What will they talk about?  You’ll have to come to Atlanta to find out.  Personally, I can’t wait.

Charting IE7b2

So IE7 beta 2 is out.  As you might expect in a beta, it has some things that don’t work as one might hope, whether due to long-standing behaviors or brand new bugs.

I’ve said it before, and I’ll say it again: don’t panic.  Trying to fix a site that’s “broken” in IE7b2 is kind of like deciding to raze your profitable gas station just because you heard car companies are experimenting with hydrogen fuel cells.  When the final version of IE7 comes out, then you can worry about what to do.  Maybe your site won’t be “broken” any more, and you won’t have to do anything.

In the meantime, what you should do is figure out what’s causing the problem you’re seeing in b2, create a very minimal test case that causes the problem, and submit that to Microsoft.  By doing that, you give them a chance to identify the problem and fix it before IE7 goes final… at which time, you won’t have to do anything about your site, because it won’t be broken.

That’s if they fix the bug in question.  They might not; they don’t have infinite time and energy.  But I can absolutely guarantee that they’ll never get around to fixing a bug nobody told them about.

In the CSS world, there are some points of concern, including bugs that are new to IE7b2.  The css-discuss community has started collecting information over on the wiki, and if you have test cases that demonstrate CSS bugs in IE7, you should feel free to add information and links to that page.

Before you do, though, make sure to observe the following (adapted from my post to css-discuss):

  1. Make absolutely certain you’re testing IE7 beta 2.  IE7b1, which is available for download on various sites, had no known CSS enhancements.  It did not support CSS2.1 selectors, or fix any bugs on which CSS hacks depend, or just about anything else.  If you test with IE7b1, you’re wasting your time.  Again, be SURE you’re testing with IE7b2.

  2. If you’re testing property, value, or behavioral support in IE7, make absolutely certain that your test case uses no hacks, filters, conditional comments, or other measures.  If you’re testing float margin-doubling, for example, but you still have in a CSS hack targeted at IE6, you might get completely spurious results. Make your tests as simple as humanly possible while still showing the problem.

  3. If you’re testing support for hacks, filters, or conditional comments in IE7, try to make sure you’re testing using simple effects. For example, here’s how I’d test for IE7 support of a child combinator:

       p {color: red; font-style: italic; font-weight: normal;
          text-transform: none;}
       div>p {color: green;}
       div > p {font-style: normal;}
       #test>p {font-weight: bold;}
       #test > p {text-transform: uppercase;}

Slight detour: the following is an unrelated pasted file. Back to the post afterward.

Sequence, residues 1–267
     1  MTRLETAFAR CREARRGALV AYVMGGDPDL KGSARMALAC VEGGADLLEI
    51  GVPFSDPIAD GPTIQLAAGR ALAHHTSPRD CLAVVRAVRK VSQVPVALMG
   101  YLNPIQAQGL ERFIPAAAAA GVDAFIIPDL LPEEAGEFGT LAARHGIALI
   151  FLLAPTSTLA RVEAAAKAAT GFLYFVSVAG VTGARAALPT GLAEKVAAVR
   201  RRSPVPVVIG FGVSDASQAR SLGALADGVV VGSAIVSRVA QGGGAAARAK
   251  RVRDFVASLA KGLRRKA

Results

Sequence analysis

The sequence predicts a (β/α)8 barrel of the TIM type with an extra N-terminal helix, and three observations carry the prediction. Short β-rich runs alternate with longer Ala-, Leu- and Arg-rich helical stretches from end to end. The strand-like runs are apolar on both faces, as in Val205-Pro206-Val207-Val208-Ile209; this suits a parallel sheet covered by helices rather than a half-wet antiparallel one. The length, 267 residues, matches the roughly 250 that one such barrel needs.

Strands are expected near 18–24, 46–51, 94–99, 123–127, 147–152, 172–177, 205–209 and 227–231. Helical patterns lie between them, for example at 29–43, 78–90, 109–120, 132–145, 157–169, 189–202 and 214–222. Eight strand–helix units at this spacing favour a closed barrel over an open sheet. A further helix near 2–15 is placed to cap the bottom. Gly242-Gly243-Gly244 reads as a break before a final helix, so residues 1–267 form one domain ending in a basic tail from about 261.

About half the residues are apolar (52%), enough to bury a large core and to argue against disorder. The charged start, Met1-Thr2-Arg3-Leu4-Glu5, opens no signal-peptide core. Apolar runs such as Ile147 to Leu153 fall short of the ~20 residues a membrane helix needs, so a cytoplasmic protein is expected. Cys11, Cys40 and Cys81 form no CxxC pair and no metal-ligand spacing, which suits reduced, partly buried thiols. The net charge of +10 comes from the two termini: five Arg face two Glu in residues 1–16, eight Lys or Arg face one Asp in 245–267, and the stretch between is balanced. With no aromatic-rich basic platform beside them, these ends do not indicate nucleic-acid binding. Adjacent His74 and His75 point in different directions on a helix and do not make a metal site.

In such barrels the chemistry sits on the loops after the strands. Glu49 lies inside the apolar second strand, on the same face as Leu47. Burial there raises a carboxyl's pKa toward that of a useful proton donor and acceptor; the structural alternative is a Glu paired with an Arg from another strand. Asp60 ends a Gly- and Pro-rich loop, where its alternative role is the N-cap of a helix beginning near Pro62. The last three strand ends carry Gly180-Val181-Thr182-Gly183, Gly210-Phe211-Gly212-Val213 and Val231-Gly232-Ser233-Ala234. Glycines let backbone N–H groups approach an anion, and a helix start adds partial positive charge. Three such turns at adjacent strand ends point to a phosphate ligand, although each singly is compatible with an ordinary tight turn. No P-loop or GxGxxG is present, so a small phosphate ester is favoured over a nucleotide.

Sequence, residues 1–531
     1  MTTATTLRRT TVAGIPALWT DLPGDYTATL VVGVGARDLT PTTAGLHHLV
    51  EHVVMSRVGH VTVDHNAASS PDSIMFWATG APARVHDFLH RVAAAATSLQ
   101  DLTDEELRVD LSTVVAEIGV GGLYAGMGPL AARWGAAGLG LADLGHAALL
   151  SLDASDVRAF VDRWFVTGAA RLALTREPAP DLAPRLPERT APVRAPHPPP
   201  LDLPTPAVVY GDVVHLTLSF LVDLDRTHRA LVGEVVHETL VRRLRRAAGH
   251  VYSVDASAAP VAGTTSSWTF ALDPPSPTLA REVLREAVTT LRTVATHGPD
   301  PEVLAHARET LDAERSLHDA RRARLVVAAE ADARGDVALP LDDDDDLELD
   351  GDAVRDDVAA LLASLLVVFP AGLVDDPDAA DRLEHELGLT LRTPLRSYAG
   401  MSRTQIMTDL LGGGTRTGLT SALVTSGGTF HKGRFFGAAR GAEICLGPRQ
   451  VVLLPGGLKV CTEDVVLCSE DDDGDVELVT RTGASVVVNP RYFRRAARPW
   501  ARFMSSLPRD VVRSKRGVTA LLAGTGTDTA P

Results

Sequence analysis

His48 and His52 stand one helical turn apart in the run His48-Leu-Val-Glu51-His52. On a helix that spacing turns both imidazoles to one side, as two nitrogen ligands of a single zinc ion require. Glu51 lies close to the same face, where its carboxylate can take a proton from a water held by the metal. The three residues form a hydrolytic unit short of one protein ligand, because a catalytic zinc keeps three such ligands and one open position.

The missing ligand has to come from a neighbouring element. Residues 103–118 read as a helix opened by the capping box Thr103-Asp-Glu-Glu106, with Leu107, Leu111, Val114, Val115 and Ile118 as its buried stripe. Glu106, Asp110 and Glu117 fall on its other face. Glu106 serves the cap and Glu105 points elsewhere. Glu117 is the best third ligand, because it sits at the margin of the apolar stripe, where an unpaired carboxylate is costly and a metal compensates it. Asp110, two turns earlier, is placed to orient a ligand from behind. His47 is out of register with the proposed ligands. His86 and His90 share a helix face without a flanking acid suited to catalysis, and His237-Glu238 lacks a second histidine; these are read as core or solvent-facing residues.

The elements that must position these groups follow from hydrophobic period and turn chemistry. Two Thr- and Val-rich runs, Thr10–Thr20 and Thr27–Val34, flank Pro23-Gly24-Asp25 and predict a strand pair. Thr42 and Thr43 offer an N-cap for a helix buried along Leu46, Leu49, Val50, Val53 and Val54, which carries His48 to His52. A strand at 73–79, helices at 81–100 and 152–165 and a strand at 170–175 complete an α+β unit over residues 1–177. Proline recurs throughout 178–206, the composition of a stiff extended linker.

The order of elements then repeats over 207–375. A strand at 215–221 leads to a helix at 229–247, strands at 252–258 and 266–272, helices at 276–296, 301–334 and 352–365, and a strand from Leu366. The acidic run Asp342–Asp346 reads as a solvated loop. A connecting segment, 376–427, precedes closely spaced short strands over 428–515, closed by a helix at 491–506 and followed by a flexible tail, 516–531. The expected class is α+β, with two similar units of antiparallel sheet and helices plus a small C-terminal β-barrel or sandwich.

<div id="test"><p>Bold uppercase green</p></div>
       <p>Italic normal case red</p>

    This approach uses property/value combinations that we all know IE/Win has supported for a long, long time.  If I tried to test with widths and margins and padding, I’d be concerned that a box model bug was sneaking in and making me think there was a selection bug.  With the color-font-text approach, this is far less likely.  (Not non-zero, but close.)

    Similarly, to test arbitrary-element hover, I’d do nothing more exciting than:

        p:hover {color: green; background: cyan;}
  4. If you find a new bug, as Al Sparber has with the a:hover/@import problem, absolutely document it with a basic test case (as Al did) and feel free to ask others for confirmation.  But remember the previous points when you construct your test case.

The goal of all this isn’t just to make sure Microsoft knows about every CSS bug under the sun, though that certainly wouldn’t hurt.  What I also hope to see happen is that we get an idea of what’s new, what’s broken, and what absolutely must be fixed.  To pick a hypothetical example, suppose it was discovered that in fixing float margin-doubling, IE7 broke clearing behavior.  That would absolutely have to get fixed before IE7 final.  Doing so would be far more critical than, say, adding support for generated content, or even fixed positioning.

Again, don’t panic, but please do help find any bugs or other problems in IE7b2, so that we have a chance of seeing the problems corrected.

Addenda: so just after I posted this, I found out about the IEblog post What’s New for CSS in Beta 2 Preview? and the in-progress MSDN technical note Cascading Style Sheet Compatibility in Internet Explorer 7.  Those might come in handy as a baseline of “here’s what I should see” while you work to find out what you actually see.

February 2006